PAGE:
Title: Hello, I Love You
Written by: Robin Green and Mitchell Burgess
Directed by: Michael Fresco
Aired: January 24, 1994
Log line: Shelly finally gives birth. Ruth-Anne and Walt are stranded overnight; Maggie and Joel become less competitive.
Listen to the podcast discussion of the episode here.
Having a baby is the ultimate union of the sexes: the female egg meets with the male sperm to create a whole new individual. So on the occasion of the birth of Shelly’s child in “Hello, I Love You,” it’s rather appropriate that the episode is filled with gendered ideas and images. However, these gender roles are far from straightforward; they get upturned in unexpected ways, and confirmed in other ways. Let’s take a look.
We have knitting, which is traditional pastime of women, but it is Joel that emerges as the star of the baby bootie knitting workshop, much to everyone’s surprise.
Cutting firewood can be seen as a rather masculine pursuit, but it is Maggie that schools Joel in the art of using a chainsaw.
Speaking of firewood, Walt and Ruth-Anne get into a fight about who’s going to go into the woods to get it.
There’s lot’s of cooking, a traditional female role, and Holling is featured stuffing a large turkey (which is sort of reminiscent of handling a baby?).
Of course, there are other scenes that conform to the stereotypical female roles, and all of them involve Shelly. Doing laundry:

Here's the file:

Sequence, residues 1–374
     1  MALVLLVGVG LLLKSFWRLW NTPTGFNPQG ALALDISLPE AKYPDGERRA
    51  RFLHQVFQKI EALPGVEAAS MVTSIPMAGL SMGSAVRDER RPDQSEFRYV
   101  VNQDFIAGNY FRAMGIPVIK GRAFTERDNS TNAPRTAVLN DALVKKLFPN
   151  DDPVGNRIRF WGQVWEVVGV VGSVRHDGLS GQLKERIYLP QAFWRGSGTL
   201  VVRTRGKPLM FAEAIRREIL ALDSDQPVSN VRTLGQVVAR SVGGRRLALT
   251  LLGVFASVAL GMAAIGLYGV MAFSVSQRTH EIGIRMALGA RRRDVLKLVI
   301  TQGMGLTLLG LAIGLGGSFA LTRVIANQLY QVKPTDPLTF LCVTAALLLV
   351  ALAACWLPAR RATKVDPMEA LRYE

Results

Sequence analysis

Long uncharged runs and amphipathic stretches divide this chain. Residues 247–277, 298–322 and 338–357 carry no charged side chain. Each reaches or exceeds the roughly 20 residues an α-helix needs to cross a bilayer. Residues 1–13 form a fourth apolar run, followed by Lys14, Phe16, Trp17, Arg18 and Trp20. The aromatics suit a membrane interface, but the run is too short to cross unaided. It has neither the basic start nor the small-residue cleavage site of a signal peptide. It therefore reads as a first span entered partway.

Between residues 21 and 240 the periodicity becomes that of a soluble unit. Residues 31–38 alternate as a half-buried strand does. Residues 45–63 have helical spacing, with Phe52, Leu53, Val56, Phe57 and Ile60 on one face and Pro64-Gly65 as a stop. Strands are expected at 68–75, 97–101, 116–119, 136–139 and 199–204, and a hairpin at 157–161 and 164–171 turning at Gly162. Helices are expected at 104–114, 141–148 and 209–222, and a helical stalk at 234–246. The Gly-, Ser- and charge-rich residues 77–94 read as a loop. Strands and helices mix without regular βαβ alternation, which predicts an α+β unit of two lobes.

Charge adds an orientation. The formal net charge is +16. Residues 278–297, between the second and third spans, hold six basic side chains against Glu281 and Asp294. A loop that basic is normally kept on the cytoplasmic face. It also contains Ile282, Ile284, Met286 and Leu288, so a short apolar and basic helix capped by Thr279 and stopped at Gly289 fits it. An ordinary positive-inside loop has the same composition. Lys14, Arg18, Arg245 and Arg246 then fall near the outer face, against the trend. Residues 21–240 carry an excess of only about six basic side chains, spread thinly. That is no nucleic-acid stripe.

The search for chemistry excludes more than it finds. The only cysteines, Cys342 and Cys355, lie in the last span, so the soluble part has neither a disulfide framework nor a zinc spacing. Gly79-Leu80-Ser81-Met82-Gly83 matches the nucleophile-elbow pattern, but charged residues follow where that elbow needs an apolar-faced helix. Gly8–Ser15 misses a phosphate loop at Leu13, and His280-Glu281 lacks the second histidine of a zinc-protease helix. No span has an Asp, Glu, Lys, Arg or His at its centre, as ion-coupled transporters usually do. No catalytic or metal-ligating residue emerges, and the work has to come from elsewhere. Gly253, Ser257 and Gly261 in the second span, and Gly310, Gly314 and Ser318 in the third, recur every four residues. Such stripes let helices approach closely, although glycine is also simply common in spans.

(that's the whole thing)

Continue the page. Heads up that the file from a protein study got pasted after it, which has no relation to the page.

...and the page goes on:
Little Miranda plays with Barbies, while Shelly suggests the doll wear “white stiletto boots.” However, it is interesting to note that the male doll is “Hollywood Hair Ken”!
Shelly is thrilled to learn that the older Miranda is going to tryout for the Dallas Cowboy cheerleaders. She is also concerned about her future self gaining weight.
Nevertheless, the teenage Miranda bucks the feminine trend when we learn she plays the drums (it didn’t last though!). Interestingly, this Miranda is dressed the least traditionally feminine out of all of her incarnations.
In this episode filled with clashes in gender roles, it’s interesting that two of the storylines deal with personal conflicts between men and women. Both Maggie and Joel and Ruth-Anne and Walt have a competitive relationship filled with bickering. They fight, get resentful, and are sometimes exasperated with each other. However, by the end of the episode, as the baby is born, both couples come to a peace and finally accept each other for who they are. They even leave room for a new beginning.
Songs from the episode’s original airing:
- John Michael Montgomery – “Kickin’ it Up” [Replaced in DVD version]
Joel and Holling get ready for travel, while Shelly leaves for the laundromat.
Themes / Recurrences: Family; men and women; gender roles.
The Good: We appreciated the emotional weight of this episode — from the birth of Miranda Bliss to the seeds of possible romantic relationships between Walt and Ruth-Anne (we loved their complimentary toasts over butter brickle ice cream) and Maggie and Joel.
The Bad: We both found it disappointing that Miranda Bliss’s future-casting storyline would end with her trying out to become a cheerleader for the Dallas Cowboys. It seemed like a significant step back from her twelve-year-old, non-conformist, drummer-in-a-band self.
The Notable: Walt emerges as a central character, which is another highlight of the episode for us. Moultrie Patten is wonderful as Walt Kupfer, and we can’t wait to see more of him.
On’s rating: 8.0 out of 10
Shane’s rating: 8.0 out of 10